20 Apr 2017

Survivors Come First at the Annual STOP Meeting

Lori Crowder addressing meeting attendees

What is the STOP Meeting?

On March 28-29, ALSO hosted its 10th annual meeting for administrators of the STOP Formula grant. Administrators are the people in charge of distributing and overseeing STOP money in all 56 U.S. states and territories. ALSO plans and executes the meeting in partnership with the U.S. Department of Justice Office on Violence Against Women (OVW).

We’d like to tell you more about our role in the meeting and our relationship to the STOP grant and the people who administer it.  

STOP* funding comes from OVW. All 56 states and territories are eligible to receive funding to address gender-based violence. STOP focuses on the crimes of domestic violence, sexual assault, stalking, and dating violence.

Based on the statistics of domestic and sexual violence, if you’re reading this and you live in a U.S. state or territory, support for STOP is relevant to you or someone you know. Check out what’s happening with STOP where you are.

ALSO’s role

Every year, the STOP Meeting is one of ALSO’s biggest events. Planning for this year’s March meeting began in September 2016 and involved 113 planners, speakers, and participants. In alternating years, the meeting expands to include leaders from the sexual assault, dual, and domestic violence coalitions in each state and territory and attendance numbers double.

It’s also one of our most significant responsibilities as the comprehensive technical assistance provider for the STOP Administrators. As their technical assistance provider, we provide training and one-on-one support in managing STOP grants.

Attendees at table discussion during STOP Meeting

Roles of STOP Administrators

Just some of the job tasks of administrators are:

  • identifying the needs of survivors in their states and territories
  • creating a plan for how STOP money will be distributed that will meet the needs of survivors
  • consulting multiple partners to identify needs and create the plan
  • finding organizations and projects to fund that address the needs of survivors
  • making sure the entities that receive the money follow through
  • helping those entities succeed
  • reporting on how the money is used
  • being leaders on violence against women issues and needs in their communities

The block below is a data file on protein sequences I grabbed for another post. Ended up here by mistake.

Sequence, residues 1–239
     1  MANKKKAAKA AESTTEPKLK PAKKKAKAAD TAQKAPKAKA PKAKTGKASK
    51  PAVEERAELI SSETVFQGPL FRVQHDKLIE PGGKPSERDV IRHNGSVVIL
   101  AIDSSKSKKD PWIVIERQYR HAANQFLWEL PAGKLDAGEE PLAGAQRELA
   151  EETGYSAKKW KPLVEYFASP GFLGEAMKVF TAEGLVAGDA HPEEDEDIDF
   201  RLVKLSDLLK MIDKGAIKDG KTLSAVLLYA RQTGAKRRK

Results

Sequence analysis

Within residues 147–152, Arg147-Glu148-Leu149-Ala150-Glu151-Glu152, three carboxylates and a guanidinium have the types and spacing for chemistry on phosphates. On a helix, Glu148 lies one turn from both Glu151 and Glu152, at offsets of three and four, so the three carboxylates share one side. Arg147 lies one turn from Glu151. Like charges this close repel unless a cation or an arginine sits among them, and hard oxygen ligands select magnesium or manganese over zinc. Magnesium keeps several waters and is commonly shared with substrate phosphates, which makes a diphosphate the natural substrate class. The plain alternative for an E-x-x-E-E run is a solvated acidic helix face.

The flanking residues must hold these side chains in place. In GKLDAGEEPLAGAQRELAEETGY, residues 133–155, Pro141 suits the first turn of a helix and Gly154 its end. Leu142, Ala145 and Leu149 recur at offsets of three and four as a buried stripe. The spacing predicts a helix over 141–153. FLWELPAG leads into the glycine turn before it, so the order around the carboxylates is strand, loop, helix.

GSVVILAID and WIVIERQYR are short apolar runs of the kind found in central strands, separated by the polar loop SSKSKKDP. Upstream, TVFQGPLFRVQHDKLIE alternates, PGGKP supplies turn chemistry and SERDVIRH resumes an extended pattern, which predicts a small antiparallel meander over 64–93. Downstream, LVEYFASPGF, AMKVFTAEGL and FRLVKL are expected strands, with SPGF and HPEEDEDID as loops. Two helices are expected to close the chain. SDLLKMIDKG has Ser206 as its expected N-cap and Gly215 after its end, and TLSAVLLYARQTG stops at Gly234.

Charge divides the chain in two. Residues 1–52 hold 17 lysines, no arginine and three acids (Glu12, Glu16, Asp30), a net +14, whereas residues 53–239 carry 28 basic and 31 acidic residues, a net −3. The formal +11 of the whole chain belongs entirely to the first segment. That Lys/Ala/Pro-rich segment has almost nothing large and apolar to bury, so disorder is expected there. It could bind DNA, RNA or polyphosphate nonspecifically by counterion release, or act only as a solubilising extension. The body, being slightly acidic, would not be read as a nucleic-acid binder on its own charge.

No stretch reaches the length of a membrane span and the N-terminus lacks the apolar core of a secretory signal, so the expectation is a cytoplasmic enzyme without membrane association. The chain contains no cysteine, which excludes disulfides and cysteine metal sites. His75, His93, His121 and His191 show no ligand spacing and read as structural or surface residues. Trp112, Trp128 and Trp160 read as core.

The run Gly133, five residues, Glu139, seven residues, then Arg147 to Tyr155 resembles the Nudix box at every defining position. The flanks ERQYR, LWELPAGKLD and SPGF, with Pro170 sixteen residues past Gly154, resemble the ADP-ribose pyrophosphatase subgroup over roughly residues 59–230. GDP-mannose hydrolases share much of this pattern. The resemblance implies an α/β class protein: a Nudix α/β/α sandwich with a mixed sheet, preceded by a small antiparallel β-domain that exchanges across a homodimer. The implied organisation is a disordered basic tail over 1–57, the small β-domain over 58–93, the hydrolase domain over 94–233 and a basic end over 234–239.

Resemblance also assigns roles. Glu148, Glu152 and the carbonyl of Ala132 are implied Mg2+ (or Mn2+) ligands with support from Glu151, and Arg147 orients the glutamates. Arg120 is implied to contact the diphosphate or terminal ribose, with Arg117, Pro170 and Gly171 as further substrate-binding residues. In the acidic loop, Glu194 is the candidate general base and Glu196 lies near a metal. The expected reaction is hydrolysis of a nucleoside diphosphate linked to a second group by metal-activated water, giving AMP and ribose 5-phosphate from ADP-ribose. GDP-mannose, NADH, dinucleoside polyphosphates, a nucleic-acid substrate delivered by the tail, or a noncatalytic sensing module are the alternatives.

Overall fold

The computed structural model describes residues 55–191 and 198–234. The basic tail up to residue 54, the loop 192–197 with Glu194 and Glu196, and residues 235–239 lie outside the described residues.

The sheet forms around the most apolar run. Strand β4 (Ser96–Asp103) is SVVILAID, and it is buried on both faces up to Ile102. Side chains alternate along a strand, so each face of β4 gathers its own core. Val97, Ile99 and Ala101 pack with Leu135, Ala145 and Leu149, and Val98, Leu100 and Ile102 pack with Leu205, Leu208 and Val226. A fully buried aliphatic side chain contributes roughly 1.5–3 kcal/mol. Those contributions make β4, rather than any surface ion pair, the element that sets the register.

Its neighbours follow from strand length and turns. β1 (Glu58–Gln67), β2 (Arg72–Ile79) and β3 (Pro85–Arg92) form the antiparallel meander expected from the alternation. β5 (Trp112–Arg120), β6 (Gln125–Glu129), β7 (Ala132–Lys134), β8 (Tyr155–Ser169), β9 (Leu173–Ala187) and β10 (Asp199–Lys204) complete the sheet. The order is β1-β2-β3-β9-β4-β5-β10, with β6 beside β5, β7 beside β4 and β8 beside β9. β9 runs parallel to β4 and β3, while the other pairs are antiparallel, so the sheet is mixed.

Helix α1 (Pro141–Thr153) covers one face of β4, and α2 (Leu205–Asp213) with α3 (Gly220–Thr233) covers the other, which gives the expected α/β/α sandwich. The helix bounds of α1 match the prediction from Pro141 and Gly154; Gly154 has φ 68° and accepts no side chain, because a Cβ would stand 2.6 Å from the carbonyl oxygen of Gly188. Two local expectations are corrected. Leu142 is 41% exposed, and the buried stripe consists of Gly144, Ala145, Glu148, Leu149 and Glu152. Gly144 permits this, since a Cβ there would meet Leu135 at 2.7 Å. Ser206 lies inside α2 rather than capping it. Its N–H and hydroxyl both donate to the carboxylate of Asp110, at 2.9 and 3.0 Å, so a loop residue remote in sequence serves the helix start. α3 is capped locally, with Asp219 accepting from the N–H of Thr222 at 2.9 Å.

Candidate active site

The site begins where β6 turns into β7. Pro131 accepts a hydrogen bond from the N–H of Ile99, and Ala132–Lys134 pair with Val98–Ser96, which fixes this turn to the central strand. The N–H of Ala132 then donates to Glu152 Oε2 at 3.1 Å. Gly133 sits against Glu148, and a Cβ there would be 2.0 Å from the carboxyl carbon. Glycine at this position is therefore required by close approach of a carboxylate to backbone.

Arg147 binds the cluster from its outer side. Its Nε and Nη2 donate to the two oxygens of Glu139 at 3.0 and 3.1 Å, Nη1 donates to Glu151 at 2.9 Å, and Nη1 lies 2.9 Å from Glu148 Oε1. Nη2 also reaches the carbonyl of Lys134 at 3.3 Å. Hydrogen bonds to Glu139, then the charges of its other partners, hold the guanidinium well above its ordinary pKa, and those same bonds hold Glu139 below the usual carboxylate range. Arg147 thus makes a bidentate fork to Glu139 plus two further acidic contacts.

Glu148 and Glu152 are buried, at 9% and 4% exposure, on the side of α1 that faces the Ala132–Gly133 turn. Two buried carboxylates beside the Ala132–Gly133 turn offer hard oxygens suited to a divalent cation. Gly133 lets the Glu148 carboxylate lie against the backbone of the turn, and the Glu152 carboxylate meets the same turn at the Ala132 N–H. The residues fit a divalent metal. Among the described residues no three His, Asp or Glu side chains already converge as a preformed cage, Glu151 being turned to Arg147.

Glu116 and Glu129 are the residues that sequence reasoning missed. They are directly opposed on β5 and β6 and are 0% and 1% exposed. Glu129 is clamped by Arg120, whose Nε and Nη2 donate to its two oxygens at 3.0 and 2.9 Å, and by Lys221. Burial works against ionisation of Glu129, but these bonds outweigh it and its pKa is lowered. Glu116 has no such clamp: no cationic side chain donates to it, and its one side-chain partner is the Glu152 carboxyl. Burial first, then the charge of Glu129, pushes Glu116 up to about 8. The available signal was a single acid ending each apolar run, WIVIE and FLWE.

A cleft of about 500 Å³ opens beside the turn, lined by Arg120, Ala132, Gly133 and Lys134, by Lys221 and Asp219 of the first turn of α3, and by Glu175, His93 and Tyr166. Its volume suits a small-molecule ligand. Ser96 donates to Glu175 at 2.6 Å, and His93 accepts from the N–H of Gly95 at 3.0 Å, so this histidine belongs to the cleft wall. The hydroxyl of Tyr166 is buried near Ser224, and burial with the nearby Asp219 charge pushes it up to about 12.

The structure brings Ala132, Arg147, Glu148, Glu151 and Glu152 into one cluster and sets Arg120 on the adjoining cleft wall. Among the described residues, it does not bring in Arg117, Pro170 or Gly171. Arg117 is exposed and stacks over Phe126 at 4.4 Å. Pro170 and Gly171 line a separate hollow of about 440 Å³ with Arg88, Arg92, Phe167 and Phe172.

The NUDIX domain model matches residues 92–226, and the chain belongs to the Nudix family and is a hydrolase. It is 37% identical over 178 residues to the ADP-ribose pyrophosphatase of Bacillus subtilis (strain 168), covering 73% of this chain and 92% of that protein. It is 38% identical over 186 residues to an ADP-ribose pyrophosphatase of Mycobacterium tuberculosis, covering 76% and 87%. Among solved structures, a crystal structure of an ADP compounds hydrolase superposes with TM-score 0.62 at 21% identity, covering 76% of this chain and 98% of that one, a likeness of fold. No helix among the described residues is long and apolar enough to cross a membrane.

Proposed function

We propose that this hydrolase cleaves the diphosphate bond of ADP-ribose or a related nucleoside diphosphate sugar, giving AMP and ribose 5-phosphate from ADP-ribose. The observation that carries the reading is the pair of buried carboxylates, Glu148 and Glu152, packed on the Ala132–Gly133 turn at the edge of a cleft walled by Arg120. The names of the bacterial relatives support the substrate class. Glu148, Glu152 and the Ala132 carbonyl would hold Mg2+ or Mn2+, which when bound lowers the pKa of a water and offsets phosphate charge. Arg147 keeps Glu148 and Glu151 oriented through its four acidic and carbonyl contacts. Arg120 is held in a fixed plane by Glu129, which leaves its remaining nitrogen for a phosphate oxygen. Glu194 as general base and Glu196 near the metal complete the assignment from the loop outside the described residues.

Intersectionality at the STOP Meeting

This year’s meeting, STOP at the Intersections: Meeting Survivors Where They Are, focused on applying the concept of intersectionality to STOP work. Last year’s meeting introduced the concept and this year, we emphasized application.

ALSO bases its understanding of intersectionality on the work of Kimberlé Crenshaw who coined the term. She defined intersectionality by discussing how race and gender intersect in the experiences of Black women in America. Crenshaw has since expanded her exploration of intersectionality to include the intersections of racism, sexism, class oppression, transphobia, able-ism and more.”

In STOP work, intersectionality means that services and support for survivors of violence must factor in the many identities that survivors carry with them and how those identities might result in discrimination.    

  • Want to keep thinking about intersectionality? Beginners, listen to these young people. Ready for more? Watch Kimberlé Crenshaw’s TED talk.

Falilah Bilal served as the keynote speaker for this year’s STOP meeting. Ms. Bilal is a consultant for the National Black Women’s Justice Institute and a drama therapist. Bilal, along with speakers from OVW and expert organizations, helped administrators explore how they can apply intersectionality in their work to identify and meet the dynamic needs of survivors.

Bilal told us “if you’re not inclusive, you’re exclusive,” and we heard her.

See meeting photos on Flickr!

Attendees participating in theatre activity

Onward and Upward

This year’s meeting concluded by asking administrators to identify next steps for infusing intersectional thinking into their work by:

  • reaching out to Tribes and other underserved populations in their states and territories,
  • asking expert organizations like ALSO for help, and
  • taking it one step at a time.

At ALSO, we learned a lot about working intersectionally during the planning of this meeting. We look forward to continuing to support STOP Administrators and the goals of the STOP grant program.

Contact ALSO today to learn more about our work on intersectionality and gender-based violence.


*STOP stands for Services Training Officer Prosecutors

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